Tag: 드라마

That poem in ‘Because This Is My First Life’

There are a lot of reasons I loved Because This Is My First Life. Like, a lot.

One of them is Jiho’s penchant for making literary allusions and using extended metaphors to express her complicated thoughts and feelings. This was a nice bit of character development, I thought; even though Jiho doesn’t work as a writer for a good chunk of the show, that side of her still comes through to the viewer.

There are two main works which Jiho alludes to in the show. One of them is the poem <방문객> (“The Visitor”) by Korean poet 정현종. The poem appears in his 2009 anthology <섬> (Island).

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방문객

사람이 온다는 건
실은 어마어마한 일이다.
그는
그의 과거와 현재와
그리고
그의 미래와 함께 오기 때문이다.
한 사람의 일생이 오기 때문이다.
부서지기 쉬운
그래서 부서지기도 했을
마음이 오는 것이다―그 갈피를
아마 바람은 더듬어볼 수 있을
마음,
내 마음이 그런 바람을 흉내낸다면
필경 환대가 될 것이다.

The Visitor

The coming of a person
is, in fact, a tremendous feat.
Because he
comes with his past and present
and
with his future.
Because a person’s whole life comes with him.
Since it is so easily broken
the heart that comes along
would have been broken ― a heart
whose layers the wind will likely be able to trace,
if my heart could mimic that wind
it can become a hospitable place.

[I’m appending a million caveats onto this translation because I feel that translating poetry is sacrilegious unless you truly, truly understand the nuances of the language and the cultural/historical context of the poet — neither of which I can claim to be any kind of expert on… and yet here I am. I did read a few analyses of this poem; while my translation is a little graceless, I think it gets across the main point of poet. Take it with a grain of salt, use with caution, etc. etc.]

For what I know of the poet (Romanized as Chong Hyon-jong), his works reflect the challenges of connecting with oneself and others during this age of materialism, but mostly end on an uplifting note.

The titular poem, for example, poignantly captures this sentiment with just two lines:

사람들 사이에 섬이 있다.
그 섬에 가고 싶다.

Island

There are islands between people.
I want visit that island.

Because This Is My First Life isn’t only about marriage and love in the modern age (though it does do an amazing job at addressing that). Like these poems, I think the show as a whole tries to capture the profundity of human interaction. Knowing oneself isn’t easy. Knowing others is almost impossible. But despite this, the fact that humans are able to come together and communicate and coexist is a truly tremendous feat. Everyone comes with their own ‘baggage’ — their own past, their own present, their own future. It’s not something to downplay or ignore. To accept them as a person is to accept all of their weight; that, perhaps, is the best comfort that one human being can offer another.

All the feels for ‘Age of Youth’

Yay long weekend! I just finished a 6 hour binge of 청춘시대 (Age of Youth). The last 4 episodes were such a rollercoaster – I think I cried in every single one. Ha.

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Given that I generally don’t like “slice of life” type shows–and the fact that the last Korean drama I actually finished was 마을: 아치아라의 비밀 (The Village)–I’m kind of shocked at how much I enjoyed this one.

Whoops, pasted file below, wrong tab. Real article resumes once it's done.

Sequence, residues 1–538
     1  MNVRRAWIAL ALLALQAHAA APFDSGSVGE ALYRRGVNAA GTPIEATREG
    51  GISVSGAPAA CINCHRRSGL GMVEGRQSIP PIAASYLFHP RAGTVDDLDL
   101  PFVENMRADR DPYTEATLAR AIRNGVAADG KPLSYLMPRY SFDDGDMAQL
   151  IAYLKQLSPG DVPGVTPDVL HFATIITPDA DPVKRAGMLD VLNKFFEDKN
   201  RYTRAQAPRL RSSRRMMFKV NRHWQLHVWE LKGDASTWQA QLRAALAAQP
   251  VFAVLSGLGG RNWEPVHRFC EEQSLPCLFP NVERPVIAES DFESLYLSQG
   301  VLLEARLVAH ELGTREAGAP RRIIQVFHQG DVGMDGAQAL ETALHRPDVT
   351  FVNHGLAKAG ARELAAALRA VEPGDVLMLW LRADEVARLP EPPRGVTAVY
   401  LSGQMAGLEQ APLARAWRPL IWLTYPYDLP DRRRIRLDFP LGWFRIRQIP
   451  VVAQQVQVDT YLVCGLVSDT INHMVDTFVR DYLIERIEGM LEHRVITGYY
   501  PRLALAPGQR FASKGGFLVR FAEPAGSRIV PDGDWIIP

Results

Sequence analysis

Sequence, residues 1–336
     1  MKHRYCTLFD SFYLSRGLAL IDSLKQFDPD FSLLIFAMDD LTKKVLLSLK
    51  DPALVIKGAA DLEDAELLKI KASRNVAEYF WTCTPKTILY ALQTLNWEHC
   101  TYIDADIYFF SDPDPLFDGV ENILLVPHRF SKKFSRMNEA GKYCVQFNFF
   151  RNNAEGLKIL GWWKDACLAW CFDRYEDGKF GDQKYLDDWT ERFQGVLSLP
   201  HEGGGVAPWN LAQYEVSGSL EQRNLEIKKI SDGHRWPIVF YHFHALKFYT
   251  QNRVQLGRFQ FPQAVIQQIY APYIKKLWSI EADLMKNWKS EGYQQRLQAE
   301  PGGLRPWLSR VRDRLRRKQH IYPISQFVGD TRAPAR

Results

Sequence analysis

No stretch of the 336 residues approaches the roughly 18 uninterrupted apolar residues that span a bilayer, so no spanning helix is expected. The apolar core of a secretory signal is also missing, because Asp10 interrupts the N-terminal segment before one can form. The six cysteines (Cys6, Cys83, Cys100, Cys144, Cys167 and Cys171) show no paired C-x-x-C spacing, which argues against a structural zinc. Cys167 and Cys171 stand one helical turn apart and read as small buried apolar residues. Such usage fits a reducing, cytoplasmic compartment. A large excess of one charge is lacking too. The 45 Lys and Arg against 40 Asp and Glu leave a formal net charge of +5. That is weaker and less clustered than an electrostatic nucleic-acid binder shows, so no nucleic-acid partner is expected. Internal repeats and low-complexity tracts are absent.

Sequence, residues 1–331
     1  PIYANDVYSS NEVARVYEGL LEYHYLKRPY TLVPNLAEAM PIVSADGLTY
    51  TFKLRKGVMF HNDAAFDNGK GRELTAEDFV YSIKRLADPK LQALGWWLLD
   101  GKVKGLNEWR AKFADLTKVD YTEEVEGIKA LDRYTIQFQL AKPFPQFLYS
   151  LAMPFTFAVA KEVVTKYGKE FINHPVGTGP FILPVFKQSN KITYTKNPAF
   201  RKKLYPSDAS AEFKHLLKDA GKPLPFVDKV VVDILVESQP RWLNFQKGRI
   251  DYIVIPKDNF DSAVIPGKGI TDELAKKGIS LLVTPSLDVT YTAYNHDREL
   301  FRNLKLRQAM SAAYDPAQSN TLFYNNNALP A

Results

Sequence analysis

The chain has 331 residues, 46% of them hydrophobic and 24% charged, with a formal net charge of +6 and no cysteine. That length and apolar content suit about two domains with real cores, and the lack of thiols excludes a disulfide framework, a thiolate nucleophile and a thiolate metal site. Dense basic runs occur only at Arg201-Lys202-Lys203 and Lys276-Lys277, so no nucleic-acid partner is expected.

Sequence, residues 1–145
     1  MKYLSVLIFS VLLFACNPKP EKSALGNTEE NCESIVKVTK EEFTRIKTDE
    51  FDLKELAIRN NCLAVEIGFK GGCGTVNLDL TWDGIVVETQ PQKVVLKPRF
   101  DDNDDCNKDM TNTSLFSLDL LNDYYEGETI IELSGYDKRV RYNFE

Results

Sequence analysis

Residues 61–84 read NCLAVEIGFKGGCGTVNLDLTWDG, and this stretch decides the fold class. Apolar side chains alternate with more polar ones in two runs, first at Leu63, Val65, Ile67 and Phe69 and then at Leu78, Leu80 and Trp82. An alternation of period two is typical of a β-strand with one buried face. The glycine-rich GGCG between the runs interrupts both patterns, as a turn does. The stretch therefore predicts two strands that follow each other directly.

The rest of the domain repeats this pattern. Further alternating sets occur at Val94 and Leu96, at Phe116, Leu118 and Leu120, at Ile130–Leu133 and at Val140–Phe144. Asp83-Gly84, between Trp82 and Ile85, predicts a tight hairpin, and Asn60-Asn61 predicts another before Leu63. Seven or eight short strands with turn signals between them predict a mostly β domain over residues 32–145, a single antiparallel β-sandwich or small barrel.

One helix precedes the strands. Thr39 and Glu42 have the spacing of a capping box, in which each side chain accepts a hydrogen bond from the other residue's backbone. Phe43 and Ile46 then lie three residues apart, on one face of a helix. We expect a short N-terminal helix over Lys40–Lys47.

The plot is pretty simple: Five young women in their twenties share a house together. We follow their trials and tribulations as they each navigate through their lives, and grow to cherish each other (and themselves). Each character has her own inner demons (almost literally) to face and overcome.

This show isn’t flawless by any means. The idea isn’t original; the writing, frankly, isn’t superlative either. There were some odd genre-bending shenanigans going on, which made me wonder at certain points whether I was watching a makjang or a mystery thriller or a romcom? In retrospect, it’s probably because the nature of each character’s inner demon is so different that we got a bunch of varying, and sometimes disjointed, tones in one show. There were plot holes and a couple of instances of really cringe-worthy writing (I’m shaking my head at some of Jong-yeol’s red-flaggy “romantic” one-liners) , but. BUT.

The one major thing this show does well, it does oh so well.

It is A+ at evoking the viewer’s empathy. The characters each have their foibles–and not insignificant ones–but ultimately you’re cheering for them. In my mind, that trumps all of the smaller narrative flaws the show may have.

The importance of empathy is actually a running theme throughout the show, and each character realizes it at some point. This sort of surprised me because I think that’s not something that comes easily to twenty-somethings, especially when you’re trying to get your own two feet on the ground, but the show pulled it off well, without sounding maudlin.

One of my favorite parts of the show is this exchange between Eun-jae and Ji-won:

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The show’s true OTP <3

(source)

사람마다 죄다 사정이란 게 있다는 거야. 그 사정 알기 전까지는 이렇다 저렇다 말하면 안 된다는 거고.

Every person has their own situation they’re dealing with. That’s why until you know their situation you can’t tell them to live this way or that way.

It’s easier to empathize with someone if you know what their “situation” is, but even if you don’t, it’s important to try to understand them anyway. Such a great sentiment.

There are parts of this show that would’ve hit me really hard had it come out 3-4 years ago. It’s interesting watching this as someone who’s close in age to these characters, but also just past the stage that most of them are at, and reflecting if the show really captures the worries and joys of 청춘 (youth). I’d say it does.